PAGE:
Referring now to FIG. 2, a graphical representation of the process of the invention, as illustrated by Example 2, is shown. At T0′ a gaseous mixture of 200 standard cubic centimeters per minute (“sccm”) of nitrogen and 55 sccm of hydrogen is injected into the reactor at a pressure of 800 mtorr for a period of one hundred and eighty (180) seconds. The mixture is subjected to a 225 watt RF discharge at 13.5 MHZ as it enters the reactor to ionize the gas molecules. The fluorine intensity is measured in the same manner as in connection with Example 1, and illustrated on the same scale as shown in FIG. 1. Surprisingly, as illustrated in FIG. 2, the fluorine intensity in the reactor initially increases dramatically at the outset of cleaning process (T0′) as compared to Example 1 and then declines rapidly as the cleaning process continues. The large, sharp increase in fluorine intensity observed at (T0′), along with the subsequent and significant decline in fluorine intensity, indicates that a significant amount of fluorine has been removed from the reactor during the cleaning process. Comparison of FIGS. 1 and 2 tends to indicate that the process of the invention provides for a significantly greater degree of desorption of fluorine from the reactor chamber internal components and subsequent removal from the reactor.
The superiority of the process of the present invention is evidenced through a number of advantages realized through the use of the invention. Use of the process reduces the amount of 0.5 micron particles observed in the reactor by a factor of 70%. Surprisingly, the rate of tungsten deposition is increased by a factor of approximately 20% after the reactor has been cleaned utilizing the process. For example, tungsten deposition rates of approximately 113 Å/sec. are observed after utilizing the cleaning process of the invention whereas the rate of deposition after purging in accordance with the above-described conventional method was approximately 93 Å/sec. The magnitude of this result is totally unanticipated and the physical and chemical mechanism of the reaction is not totally understood. However, the equilibrium relationship during the deposition process may provide a partial explanation of the observed results.
One possible explanation for the increase in the rate of tungsten deposition after cleaning a CVD reactor utilizing one embodiment of the invention is a decrease in the amount of reactable fluorine present in the reactor during the deposition process. The rate of tungsten deposition is, in part, governed by conditions in the reactor, including the followingsimplied relationship:
Reducing the amount of fluorine in the reactor will tend to shift the above equilibrium relationship to the right. Thus, the process of the invention, by reducing the amount of fluorine present in the reactor after the cleaning process, results in a significantly increased rate of tungsten deposition. However, the magnitude of the change in deposition rate was not anticipated and the results indicate that additional reactions, not fully understood, are ongoing.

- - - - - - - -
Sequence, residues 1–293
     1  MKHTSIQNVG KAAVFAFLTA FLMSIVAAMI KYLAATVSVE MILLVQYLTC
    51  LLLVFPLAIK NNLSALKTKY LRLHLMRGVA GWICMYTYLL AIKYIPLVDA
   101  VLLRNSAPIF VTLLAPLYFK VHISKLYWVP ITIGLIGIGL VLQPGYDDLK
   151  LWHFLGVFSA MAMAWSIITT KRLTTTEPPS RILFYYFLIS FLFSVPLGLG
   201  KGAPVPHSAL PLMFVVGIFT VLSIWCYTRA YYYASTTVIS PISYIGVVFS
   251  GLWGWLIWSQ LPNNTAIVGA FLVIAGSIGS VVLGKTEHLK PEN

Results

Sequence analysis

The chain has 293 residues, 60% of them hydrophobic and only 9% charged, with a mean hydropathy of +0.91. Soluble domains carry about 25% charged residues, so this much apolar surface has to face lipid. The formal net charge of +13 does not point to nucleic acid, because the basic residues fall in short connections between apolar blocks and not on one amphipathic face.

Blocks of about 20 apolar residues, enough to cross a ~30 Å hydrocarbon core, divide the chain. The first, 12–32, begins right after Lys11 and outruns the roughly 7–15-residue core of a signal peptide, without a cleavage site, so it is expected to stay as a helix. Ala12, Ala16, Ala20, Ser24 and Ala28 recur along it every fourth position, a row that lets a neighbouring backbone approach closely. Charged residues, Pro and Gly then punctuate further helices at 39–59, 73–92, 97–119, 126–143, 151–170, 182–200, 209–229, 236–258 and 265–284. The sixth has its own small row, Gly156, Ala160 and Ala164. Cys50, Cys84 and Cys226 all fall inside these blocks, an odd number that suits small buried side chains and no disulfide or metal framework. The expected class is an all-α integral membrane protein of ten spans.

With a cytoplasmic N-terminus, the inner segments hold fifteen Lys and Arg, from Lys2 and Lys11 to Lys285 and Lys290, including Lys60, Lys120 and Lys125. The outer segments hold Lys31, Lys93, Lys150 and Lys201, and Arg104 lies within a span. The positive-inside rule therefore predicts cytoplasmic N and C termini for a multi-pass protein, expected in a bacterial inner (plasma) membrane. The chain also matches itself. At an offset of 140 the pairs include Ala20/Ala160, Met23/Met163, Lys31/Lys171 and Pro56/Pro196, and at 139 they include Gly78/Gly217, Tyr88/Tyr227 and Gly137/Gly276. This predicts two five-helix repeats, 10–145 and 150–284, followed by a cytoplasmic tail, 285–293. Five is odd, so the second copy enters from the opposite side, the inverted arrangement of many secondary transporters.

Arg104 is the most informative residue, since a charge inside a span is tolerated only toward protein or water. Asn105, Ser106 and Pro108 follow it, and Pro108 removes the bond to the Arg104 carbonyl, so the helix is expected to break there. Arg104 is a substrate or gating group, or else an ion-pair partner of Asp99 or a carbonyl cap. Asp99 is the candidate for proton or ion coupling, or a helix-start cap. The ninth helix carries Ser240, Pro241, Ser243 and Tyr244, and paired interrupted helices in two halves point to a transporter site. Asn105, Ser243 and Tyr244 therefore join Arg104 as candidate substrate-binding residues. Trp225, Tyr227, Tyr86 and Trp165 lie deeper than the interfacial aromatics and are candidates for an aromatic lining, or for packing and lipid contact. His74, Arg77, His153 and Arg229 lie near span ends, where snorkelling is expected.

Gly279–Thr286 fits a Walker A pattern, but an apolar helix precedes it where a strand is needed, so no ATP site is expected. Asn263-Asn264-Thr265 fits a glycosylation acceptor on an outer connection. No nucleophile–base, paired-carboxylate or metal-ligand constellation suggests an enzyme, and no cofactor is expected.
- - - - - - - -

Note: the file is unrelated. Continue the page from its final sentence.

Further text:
Turning now to FIGS. 3 and 4, fluorine removal at various N2/H2 injection ratios are graphically illustrated. The vertical scales on the drawings quantify the relative drop in fluorine ion intensity in the reactor after cleaning with different N2/H2 plasmas. The horizontal scale represents the N2/H2 ratio. More specifically, FIG. 3 shows the amount of fluorine removal from a reactor for various N2/H2 ratios after deposition of a 4000 Å tungsten layer. Similarly, FIG. 4 illustrates fluorine removal for various N2/H2 ratios after deposition of a 8000 Å tungsten layer. In each case, fluorine removal was determined at a typical RF power setting of 225 watts and a chamber pressure of 800 torr. As shown, the amount of fluorine removed from the reactor increases as the relative concentration of nitrogen increases up to an N2/H2 ratio of approximately 3.5:1. As illustrated, at N2/H2 ratios above 3.5:1, the rate of fluorine removal as a function of increasing concentrations of nitrogen relative to hydrogen levels out. Thus, the optimal ratio N2/H2 for the above-described conditions is approximately 3.5:1. However, as illustrated, good results may be obtained where the N2/H2 ratio is in the range of from 1:1 to 6:1. Preferably, the N2/H2 ratio is in the range of 2.5:1 to 4.5:1. Most preferably, under the described parameters the N2/H2 ratio is approximately 3.5:1.
The present invention also provides other advantages. For example, the lifetime of consumable parts subject to etching by fluorine radicals or fluorine containing compounds such HF is increased due to the decrease in fluorine in the reactor. Additionally, temperature variations in the reactor during tungsten deposition are observed to be decreased. After cleaning with the process of the invention, temperature variation within the reactor during tungsten deposition averages only 1.0° C., whereas temperature variations after purging the reactor in accordance with conventional procedures averaged 3.0° C.
While this invention has been described in reference to illustrative embodiments, this description is not intended to be construed in a limiting sense. Various modifications and combinations of the illustrative embodiments, as well as other embodiments of the invention, will be apparent to persons skilled in the art upon reference to the description.